The program was not a complete failure. Training programs helped salespeople and managers learn about the products and more customer-friendly sales techniques. There was clear pressure on many managers to increase their ratings and deal with visible customer complaints. While this had a major impact on many dealerships, they did not get enough support for major organizational transformations.
The second program
The first program was not a strategic measurement process--it didn't include leading indicators such as staff surveys and immediate customer feedback, it lacked support as well as specific process goals and measures.
Due to these problems, Chrysler started a new Five Star program, requiring dealers to create their own continuous improvement and strategic measurement systems. Chrysler will try to focus the dealers on "improving or creating processes to find what creates customer dissatisfaction and quickly find ways to fix these issues . the major intent is to make customers happy and create procedures that save [the dealers] money and increase their sales," explains Public Relations Manager Michael McKesson. Jim Holden, executive vice president of sales and marketing, adds: "Dealers have to continually improve to maintain their Five Star status . the new Five Star dealer is process-driven."
Indeed, the new standards acknowledge some of the principles of the balanced scorecard and other strategic measurement systems--for example, that it is as important to measure performance drivers as the end results. If employee issues influence customer loyalty--as research shows that they do--then employee issues should be measured because they are more timely than customer surveys. In short, if we know that low morale will cause turnover of skilled mechanics and low customer satisfaction in six months, do we want to wait until we see turnover and lost customers, or do we want to fix it as soon as we get the employee surveys?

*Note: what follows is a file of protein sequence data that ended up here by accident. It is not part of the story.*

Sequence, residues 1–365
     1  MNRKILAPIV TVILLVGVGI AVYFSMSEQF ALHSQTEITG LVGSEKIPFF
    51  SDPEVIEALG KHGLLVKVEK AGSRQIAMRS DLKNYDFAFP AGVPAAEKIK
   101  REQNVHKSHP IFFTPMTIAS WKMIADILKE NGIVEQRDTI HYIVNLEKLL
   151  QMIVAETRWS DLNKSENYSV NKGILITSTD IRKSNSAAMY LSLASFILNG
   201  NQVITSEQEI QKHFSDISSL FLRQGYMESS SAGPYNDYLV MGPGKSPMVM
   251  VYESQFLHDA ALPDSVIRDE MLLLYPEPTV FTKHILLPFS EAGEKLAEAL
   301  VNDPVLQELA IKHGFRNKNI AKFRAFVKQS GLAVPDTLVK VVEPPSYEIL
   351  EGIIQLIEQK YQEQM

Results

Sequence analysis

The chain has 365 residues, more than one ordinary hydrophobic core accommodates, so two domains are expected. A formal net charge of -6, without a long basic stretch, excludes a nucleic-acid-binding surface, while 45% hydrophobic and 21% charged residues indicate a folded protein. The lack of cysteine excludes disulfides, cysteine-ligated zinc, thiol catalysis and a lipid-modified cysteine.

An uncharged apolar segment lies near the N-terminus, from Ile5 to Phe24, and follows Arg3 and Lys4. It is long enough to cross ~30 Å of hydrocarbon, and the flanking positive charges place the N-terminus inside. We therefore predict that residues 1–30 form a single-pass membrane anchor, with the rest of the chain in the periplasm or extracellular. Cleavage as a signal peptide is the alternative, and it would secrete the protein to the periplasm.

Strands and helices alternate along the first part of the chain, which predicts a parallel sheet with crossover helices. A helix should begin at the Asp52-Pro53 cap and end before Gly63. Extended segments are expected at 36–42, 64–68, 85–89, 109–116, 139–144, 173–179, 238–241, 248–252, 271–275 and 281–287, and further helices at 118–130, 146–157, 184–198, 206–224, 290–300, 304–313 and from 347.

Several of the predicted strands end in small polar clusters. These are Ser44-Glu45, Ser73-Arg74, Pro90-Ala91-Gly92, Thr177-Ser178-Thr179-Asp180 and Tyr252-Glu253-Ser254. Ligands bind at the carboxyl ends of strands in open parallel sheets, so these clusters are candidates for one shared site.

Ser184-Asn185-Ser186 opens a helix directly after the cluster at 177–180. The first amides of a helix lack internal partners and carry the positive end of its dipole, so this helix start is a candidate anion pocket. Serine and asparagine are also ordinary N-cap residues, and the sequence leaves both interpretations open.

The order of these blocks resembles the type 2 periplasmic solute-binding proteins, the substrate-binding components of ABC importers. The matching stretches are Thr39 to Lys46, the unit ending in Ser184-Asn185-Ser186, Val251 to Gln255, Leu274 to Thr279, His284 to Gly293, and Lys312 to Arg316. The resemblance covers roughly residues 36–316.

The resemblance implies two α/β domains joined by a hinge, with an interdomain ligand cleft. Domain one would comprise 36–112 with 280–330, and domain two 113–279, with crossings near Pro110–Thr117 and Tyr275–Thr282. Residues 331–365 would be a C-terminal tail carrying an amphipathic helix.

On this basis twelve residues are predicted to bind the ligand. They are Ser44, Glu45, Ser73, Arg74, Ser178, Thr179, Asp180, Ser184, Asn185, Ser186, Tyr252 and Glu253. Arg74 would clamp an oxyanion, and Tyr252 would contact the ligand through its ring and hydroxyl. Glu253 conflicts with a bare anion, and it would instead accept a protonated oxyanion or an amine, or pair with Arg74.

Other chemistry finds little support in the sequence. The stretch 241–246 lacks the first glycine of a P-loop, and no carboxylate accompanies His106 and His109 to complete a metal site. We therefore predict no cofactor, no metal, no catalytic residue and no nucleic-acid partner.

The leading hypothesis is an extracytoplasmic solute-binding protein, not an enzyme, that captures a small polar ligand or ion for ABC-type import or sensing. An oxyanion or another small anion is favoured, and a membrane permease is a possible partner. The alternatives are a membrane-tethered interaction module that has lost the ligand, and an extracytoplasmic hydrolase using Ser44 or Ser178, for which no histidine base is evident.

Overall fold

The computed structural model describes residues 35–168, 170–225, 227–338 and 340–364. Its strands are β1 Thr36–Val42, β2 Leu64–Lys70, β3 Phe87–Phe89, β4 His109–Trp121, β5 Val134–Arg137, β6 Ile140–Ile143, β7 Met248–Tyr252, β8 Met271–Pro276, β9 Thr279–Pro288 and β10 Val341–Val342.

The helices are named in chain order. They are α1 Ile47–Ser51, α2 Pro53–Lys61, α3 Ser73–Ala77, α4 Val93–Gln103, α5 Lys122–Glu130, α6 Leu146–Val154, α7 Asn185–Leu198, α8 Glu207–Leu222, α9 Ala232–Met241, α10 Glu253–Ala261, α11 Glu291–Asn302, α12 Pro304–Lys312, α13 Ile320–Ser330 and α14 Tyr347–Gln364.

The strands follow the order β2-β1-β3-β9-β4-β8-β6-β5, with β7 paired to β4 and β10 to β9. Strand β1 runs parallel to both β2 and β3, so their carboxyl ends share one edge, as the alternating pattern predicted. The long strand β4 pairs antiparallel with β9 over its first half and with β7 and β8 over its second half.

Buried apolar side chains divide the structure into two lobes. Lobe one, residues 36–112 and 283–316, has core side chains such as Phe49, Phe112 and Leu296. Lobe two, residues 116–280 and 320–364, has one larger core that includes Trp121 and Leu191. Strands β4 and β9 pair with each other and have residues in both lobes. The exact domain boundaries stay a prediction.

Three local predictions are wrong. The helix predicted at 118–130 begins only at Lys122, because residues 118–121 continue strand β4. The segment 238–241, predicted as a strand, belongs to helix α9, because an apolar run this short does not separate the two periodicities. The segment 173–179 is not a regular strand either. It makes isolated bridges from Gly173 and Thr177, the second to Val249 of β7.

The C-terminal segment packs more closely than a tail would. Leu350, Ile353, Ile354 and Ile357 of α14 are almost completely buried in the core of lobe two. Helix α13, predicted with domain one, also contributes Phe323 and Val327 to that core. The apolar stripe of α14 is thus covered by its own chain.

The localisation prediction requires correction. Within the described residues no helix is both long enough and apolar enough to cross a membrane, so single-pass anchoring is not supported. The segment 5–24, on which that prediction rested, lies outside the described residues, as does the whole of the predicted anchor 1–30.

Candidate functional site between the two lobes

While the new standards are tougher, they are also easier for managers to justify. There will be a national advertising campaign to support the Five Star program in the fall of 1999; the Five Star dealer listings on DaimlerChrysler's Web site have been expanded; and only Five Star dealers can use the Internet lead generation program ("Get-A-Quote") and join some sales clubs, which give incentives to dealers whose sales are high for their class.
On the other hand, Chrysler doesn't expect all dealers to pursue Five Star certification and didn't make a major push for it. The corporate rewards are seen as only one incentive; as other dealers rise in quality, poor dealers will either see the justification for increasing their own quality or will fall by the wayside.
Training and guidance
The problem of guidance remains; many dealers simply can't get past a certain point without outside help, and increasing the rewards could result only in higher frustration for many dealerships. Even if people already understand the components of good service, they need a common direction and a starting point. To this end, a substantial number of field representatives will work with dealers to help them develop continuous improvement programs.